• Guided tour of Machu Picchu
  • Bus ticket from Machu Picchu to Aguas Calientes
  • Train ticket from Aguas Calientes to Ollantaytambo
  • Private transportation from Ollantaytambo to Cusco
  • Environmental and local community fees


  • International and domestic flights
  • Hotel accommodations before and after the trek
  • Personal trekking equipment such as hiking boots, backpacks, and trekking poles
  • Sleeping bags (usually available for rent from the tour operator)
  • Travel insurance (highly recommended)
  • Meals not specified in the itinerary (e.g., meals in Cusco or Aguas Calientes)
  • Additional activities or entrance fees not mentioned in the itinerary
  • Tips for the trekking crew (guides, porters, and cooks)
  • Personal expenses, such as souvenirs or snacks
  • Huayna Picchu or Machu Picchu Mountain permits

What is the total distance of the Salkantay + Inca Trail expedition?

The total walking distance for the Salkantay and Inca Trail combined expedition is about 75 kilometers, which is around 43 miles. This adventure includes walking through varied landscapes, starting with the remote and stunning paths of the Salkantay Trek and finishing with the historically rich Inca Trail that leads to Machu Picchu.

How does the difficulty of the Salkantay Trek compare to the Inca Trail?

The Salkantay Trek is often more demanding and challenging than the Inca Trail. It reaches higher altitudes, features rougher terrain, and requires longer daily hiking distances. It is well-suited for those who seek a challenge and have previous hiking experience at high altitudes. The combination of these two epic hikes in Peru, known as the Salkantay Inca Trail Expedition, is one of the most remote and challenging hikes available in Peru and the world.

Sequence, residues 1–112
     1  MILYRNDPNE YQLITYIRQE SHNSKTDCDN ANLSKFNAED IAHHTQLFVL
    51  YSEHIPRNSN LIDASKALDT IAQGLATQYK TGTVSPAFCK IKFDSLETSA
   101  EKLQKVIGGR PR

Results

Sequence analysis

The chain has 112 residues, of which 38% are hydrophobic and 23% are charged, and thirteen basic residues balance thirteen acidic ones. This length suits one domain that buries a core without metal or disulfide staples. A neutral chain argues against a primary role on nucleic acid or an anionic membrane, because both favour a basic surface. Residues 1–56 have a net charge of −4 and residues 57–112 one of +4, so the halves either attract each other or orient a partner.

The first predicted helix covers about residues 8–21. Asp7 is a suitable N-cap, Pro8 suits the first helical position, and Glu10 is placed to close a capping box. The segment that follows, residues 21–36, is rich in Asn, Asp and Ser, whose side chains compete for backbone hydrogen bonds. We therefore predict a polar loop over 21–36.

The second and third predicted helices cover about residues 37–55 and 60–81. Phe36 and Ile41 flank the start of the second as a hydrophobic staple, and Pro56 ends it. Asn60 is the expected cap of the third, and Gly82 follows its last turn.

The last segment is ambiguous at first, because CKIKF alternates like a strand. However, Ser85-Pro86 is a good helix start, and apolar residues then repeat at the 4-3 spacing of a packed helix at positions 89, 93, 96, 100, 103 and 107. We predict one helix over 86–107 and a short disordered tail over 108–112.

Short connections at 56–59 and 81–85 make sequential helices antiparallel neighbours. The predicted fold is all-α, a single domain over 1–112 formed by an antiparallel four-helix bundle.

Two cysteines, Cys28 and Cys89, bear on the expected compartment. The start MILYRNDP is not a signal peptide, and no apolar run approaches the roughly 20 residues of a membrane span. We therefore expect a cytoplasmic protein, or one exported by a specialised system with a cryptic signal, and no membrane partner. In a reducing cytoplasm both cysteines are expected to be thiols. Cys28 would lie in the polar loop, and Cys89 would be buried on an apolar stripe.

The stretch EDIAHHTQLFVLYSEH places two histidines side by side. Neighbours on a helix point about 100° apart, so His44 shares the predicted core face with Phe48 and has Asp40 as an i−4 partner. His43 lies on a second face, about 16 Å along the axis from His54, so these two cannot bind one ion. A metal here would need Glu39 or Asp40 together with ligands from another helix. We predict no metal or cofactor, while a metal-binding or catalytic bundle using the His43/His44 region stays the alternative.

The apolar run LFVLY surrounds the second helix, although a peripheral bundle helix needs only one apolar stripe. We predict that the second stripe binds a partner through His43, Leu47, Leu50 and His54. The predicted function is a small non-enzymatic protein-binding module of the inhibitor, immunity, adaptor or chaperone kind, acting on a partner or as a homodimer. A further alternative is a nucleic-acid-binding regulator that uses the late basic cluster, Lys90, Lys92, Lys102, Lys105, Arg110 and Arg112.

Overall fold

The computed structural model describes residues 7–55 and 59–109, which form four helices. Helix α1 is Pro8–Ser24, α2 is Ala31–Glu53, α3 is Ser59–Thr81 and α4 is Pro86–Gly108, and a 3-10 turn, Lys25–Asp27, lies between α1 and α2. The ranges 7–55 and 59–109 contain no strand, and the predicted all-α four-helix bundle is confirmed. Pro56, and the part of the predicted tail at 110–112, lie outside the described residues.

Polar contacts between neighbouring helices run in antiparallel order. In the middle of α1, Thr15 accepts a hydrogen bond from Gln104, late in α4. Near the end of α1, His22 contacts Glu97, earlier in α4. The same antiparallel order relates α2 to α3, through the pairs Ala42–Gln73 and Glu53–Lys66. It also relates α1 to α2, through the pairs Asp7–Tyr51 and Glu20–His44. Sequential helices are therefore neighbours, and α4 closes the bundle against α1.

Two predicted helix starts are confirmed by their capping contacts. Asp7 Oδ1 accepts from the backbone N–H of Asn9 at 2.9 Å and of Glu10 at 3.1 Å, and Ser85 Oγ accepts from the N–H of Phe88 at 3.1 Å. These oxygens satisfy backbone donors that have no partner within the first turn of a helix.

What unique landscapes are featured along the Salkantay Trail vs. Inca Trail to Machu Picchu?

The Salkantay Trail offers amazing and varied landscapes, including the imposing view of Mount Salkantay, vast open valleys, and lush jungle sections as you approach Machu Picchu. In contrast, the Inca Trail is rich with historical paths, featuring ancient Inca ruins, cloud forests, and subtropical jungles, and it leads directly to Machu Picchu.

What is the elevation of Salkantay Pass, and how does it impact the trek?

The highest point on the Salkantay + Inca Trail trek is the Frozen Inca pass, at 5,100 meters (16,732 feet). Due to the thin air, this high elevation can make the trek quite strenuous, increasing the risk of altitude sickness. Acclimatization days are important to help your body adjust and reduce the impact of the altitude.

What weather conditions should I prepare for on the Salkantay + Inca Trail?

Prepare for a range of weather conditions on your trek. At higher elevations, expect cold and possibly snowy conditions, while lower elevations can be warmer and humid. Rain is possible at any time of the year, so waterproof clothing and gear are essential.

What should participants pack for the Salkantay and Inca Trail trek?

Packing for the Salkantay Inca Trail Expedition to Machu Picchu involves planning for various terrains and weather conditions. Here’s a detailed list of what to pack for a 6-day trek:


  • Base Layers: Choose lightweight and moisture-wicking materials.
    Insulating Layers: Pack fleece or wool sweaters and a down jacket for cold weather.
  • Waterproof Jacket: A breathable, waterproof jacket is crucial for protection against rain and wind.
  • Trekking Pants: Bring convertible and quick-drying pants. Have a couple of pairs.
  • Shorts: Useful for warmer days at lower elevations.
  • Hiking Boots: Ensure they are waterproof and well-worn to avoid blisters.
  • Hiking Socks: Pack several pairs of moisture-wicking socks and a few warmer pairs.
  • Hat and Gloves: Bring a warm hat and gloves for chilly mornings and evenings.
  • Sun Hat: To shield yourself from the sun.
  • Bandana or Buff: Protects your neck and face from the sun and dust.

Hiking Gear:

  • Backpack: A comfortable backpack with a rain cover.
  • Sleeping Bag: Choose one that is suitable for temperatures as low as -10°C (14°F).
  • Trekking Poles: These help reduce the strain on your knees, especially during downhill walks.
  • Headlamp: Crucial for early morning starts or late finishes.
  • Water Bottles or Hydration System: Carry at least 2 liters of water.
  • Sunglasses: Ensure they offer high UV protection.

Personal Items:

  • Sunscreen: Use a high SPF to protect against the strong sun.
  • Insect Repellent: Important in the lower jungle regions.